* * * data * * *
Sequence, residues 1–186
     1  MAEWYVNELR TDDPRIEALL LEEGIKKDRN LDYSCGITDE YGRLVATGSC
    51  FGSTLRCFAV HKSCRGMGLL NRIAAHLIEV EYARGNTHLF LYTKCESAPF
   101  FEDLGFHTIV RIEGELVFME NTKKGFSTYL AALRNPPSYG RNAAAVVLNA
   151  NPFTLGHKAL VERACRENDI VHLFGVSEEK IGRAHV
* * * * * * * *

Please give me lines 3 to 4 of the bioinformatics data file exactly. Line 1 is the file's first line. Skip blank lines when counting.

    51  FGSTLRCFAV HKSCRGMGLL NRIAAHLIEV EYARGNTHLF LYTKCESAPF
   101  FEDLGFHTIV RIEGELVFME NTKKGFSTYL AALRNPPSYG RNAAAVVLNA